Celexa

Celexa
Celexa is a popular antidepressant marketed by Forest Laboratories. However, some research has linked this and other SSRIs (selective serotonin reuptake inhibitors) to birth defects and autism when used by expectant mothers.

What is Celexa Used For?

Celexa (citalopram) is currently indicated to treat depression. However, it is also sometimes used off-label for the treatment of obsessive compulsive disorder, panic disorder, premenstrual dysphoric syndrome (PMDD), anxiety disorder, and post-traumatic stress disorder. The drug works by increasing the amount of serotonin in the brain. This neurotransmitter is thought to impact mood.

The U.S. Food & Drug Administration (FDA) approved Celexa in 1988. In 2011, approximately 31.5 million prescriptions were dispensed for citalopram in the U.S. About 7.2 million U.S. patients were prescribed the drug that year.

Celexa Side Effects

Celexa side effects may include:

  • Drowsiness
  • Nausea
  • Insomnia,
  • Xerostomia
  • Diaphoresis
  • Diarrhea
  • Ejaculatory disorder
  • Anxiety
  • Tremor
  • Vomiting

Celexa Safety Alerts

  • 2006: The FDA warned that the use of SSRI antidepressants in conjunction with certain migraine medications called Triptans may result in a dangerous increase in the brain’s serotonin levels, known as serotonin syndrome.
  • 2006: The FDA issued a warning regarding a possible association between SSRI antidepressants and persistent pulmonary hypertension of the newborn (PPHN). However, the agency modified its stance in 2011 due to conflicting findings.
  • 2007: The labels for SSRIs include a Black Box Warning regarding a potential association with suicidal thoughts in children, adolescents and young adults.
  • 2011: The FDA warned that high doses of Celexa could be associated with changes in the electrical activity of the heart (QT interval prolongation),which can lead to a dangerous abnormal heart rhythm called Torsade de Pointes. The agency advised that the drug should no longer be used at doses greater than 40 mg per day.
  • 2012: The FDA again revised the Celexa label to include new warnings about the potential for QT interval prolongation and Torsade de Pointes, as well as new drug dosage and usage recommendations.

Celexa and Birth Defects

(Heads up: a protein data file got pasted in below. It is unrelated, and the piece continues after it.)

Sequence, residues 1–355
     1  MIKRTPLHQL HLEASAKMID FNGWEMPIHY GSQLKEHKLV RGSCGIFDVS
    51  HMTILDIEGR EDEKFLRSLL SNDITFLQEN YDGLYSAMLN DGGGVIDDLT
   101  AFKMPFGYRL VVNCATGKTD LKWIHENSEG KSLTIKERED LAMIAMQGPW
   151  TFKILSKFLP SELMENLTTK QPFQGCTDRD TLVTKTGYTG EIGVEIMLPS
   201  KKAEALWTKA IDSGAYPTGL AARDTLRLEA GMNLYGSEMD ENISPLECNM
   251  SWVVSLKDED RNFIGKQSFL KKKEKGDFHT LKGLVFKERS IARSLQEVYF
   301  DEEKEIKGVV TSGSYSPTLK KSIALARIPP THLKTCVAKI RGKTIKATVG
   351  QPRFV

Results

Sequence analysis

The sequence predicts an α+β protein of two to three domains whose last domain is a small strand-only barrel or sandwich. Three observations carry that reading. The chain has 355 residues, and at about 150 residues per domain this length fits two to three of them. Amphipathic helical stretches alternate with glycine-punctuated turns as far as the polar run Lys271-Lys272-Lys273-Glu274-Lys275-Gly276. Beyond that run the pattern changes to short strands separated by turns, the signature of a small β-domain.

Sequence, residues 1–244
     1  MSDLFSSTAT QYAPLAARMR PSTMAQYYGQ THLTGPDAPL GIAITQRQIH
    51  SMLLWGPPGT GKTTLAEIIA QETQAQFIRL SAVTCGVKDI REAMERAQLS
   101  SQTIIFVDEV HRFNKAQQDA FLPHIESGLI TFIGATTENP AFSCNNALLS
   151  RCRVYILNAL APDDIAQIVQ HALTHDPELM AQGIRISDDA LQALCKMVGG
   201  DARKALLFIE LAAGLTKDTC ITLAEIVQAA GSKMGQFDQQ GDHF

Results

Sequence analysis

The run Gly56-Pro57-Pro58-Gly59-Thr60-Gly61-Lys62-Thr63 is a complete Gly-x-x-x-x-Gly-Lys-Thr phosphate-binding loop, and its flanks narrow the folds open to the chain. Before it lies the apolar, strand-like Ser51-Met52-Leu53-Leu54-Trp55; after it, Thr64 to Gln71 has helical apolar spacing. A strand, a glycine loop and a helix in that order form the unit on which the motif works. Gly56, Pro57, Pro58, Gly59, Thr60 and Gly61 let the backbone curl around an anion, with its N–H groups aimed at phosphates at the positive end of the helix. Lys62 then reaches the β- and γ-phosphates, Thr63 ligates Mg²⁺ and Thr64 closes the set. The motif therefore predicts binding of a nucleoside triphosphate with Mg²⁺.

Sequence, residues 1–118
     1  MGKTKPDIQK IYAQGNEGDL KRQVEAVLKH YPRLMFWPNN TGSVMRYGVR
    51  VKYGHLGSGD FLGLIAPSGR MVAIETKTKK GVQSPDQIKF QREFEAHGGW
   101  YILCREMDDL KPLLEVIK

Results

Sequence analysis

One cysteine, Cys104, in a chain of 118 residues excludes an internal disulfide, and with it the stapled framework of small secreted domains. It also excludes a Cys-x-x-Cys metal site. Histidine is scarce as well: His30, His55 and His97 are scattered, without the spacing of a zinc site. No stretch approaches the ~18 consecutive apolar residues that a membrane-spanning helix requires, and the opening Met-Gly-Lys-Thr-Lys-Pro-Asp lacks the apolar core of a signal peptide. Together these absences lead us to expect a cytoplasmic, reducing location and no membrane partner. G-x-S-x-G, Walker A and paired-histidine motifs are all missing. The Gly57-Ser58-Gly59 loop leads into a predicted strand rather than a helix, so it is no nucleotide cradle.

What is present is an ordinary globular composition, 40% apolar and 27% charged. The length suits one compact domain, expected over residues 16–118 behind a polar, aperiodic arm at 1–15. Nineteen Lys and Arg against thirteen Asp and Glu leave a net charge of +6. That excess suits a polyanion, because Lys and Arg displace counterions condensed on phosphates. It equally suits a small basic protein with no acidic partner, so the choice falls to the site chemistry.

Some research has suggested that SSRI antidepressants like Celexa can increase the risk of certain birth defects when used during pregnancy. Heart defects, specifically atrial septal defects or ventricular septal defects, where among the most common abnormalities found. The drugs have also been associated with an abdominal wall birth defect called Omphalocele, as well as a skull defect called Craniosynostosis.

A recent study also found that children exposed to SSRIs during the last two trimesters of pregnancy were 117% more likely to be diagnosed with autism spectrum disorder.

Celexa Settlement

In 2014, Forest Labs agreed to pay between $7.7 and $10.4 million to Lexapro and Celexa class action lawsuit plaintiffs who had accused the company of illegally marketing the SSRI antidepressants for use in children. Those eligible to participate in the settlement included Missouri residents who purchased Celexa for a patient under the age of 18 between January 1, 1998, and December 31, 2013, or purchased Lexapro for a minor between August 1, 2002, and December 31, 2013. (In re: Celexa and Lexapro Marketing and Sales Practices Litigation, Case No. 1:09-md-02067, U.S. District Court, District of Massachusetts)

  1. FDA (2013) “Celexa Label” http://www.accessdata.fda.gov/drugsatfda_docs/label/2014/020822Orig1s046lbl.pdf
  2. FDA (2006) “Information for Healthcare Professionals: Selective Serotonin Reuptake Inhibitors (SSRIs), Selective Serotonin-Norepinephrine Reuptake Inhibitors (SNRIs), 5-Hydroxytryptamine Receptor Agonists” (Triptans)http://www.fda.gov/Drugs/DrugSafety/PostmarketDrugSafetyInformationforPatientsandProviders/DrugSafetyInformationforHeathcareProfessionals/ucm085845.htm
  3. FDA (2006) “FDA Public Health Advisory: Treatment Challenges of Depression in Pregnancy and the Possibility of Persistent Pulmonary Hypertension in Newborns.” http://www.fda.gov/Drugs/DrugSafety/PostmarketDrugSafetyInformationforPatientsandProviders/ucm124348.htm
  4. FDA (2007) “FDA Drug Safety Communication: Antidepressant Use in Children, Adolescents, and Adults.” http://www.fda.gov/Drugs/DrugSafety/InformationbyDrugClass/ucm096273.htm
  5. FDA (2011) “FDA Drug Safety Communication: Abnormal heart rhythms associated with high doses of Celexa (citalopram hydrobromide” http://www.fda.gov/Drugs/DrugSafety/ucm269086.htm
  6. FDA (2012) “FDA Drug Safety Communication: Revised recommendations for Celexa (citalopram hydrobromide) related to a potential risk of abnormal heart rhythms with high doses” http://www.fda.gov/Drugs/DrugSafety/ucm297391.htm
  7. MedPage Today (2011) “More Evidence SSRIs in Pregnancy Boost Birth Defect Risk” http://www.medscape.com/viewarticle/745430
  8. NEJM (2007) “Use of Selective Serotonin-Reuptake Inhibitors in Pregnancy and the Risk of Birth Defects” http://www.nejm.org/doi/full/10.1056/NEJMoa066584
  9. JAMA Pediatrics (2016) “Antidepressant Use During Pregnancy and the Risk of Autism Spectrum Disorder in Children” http://archpedi.jamanetwork.com/article.aspx?articleid=2476187
Last Modified: February 24, 2016

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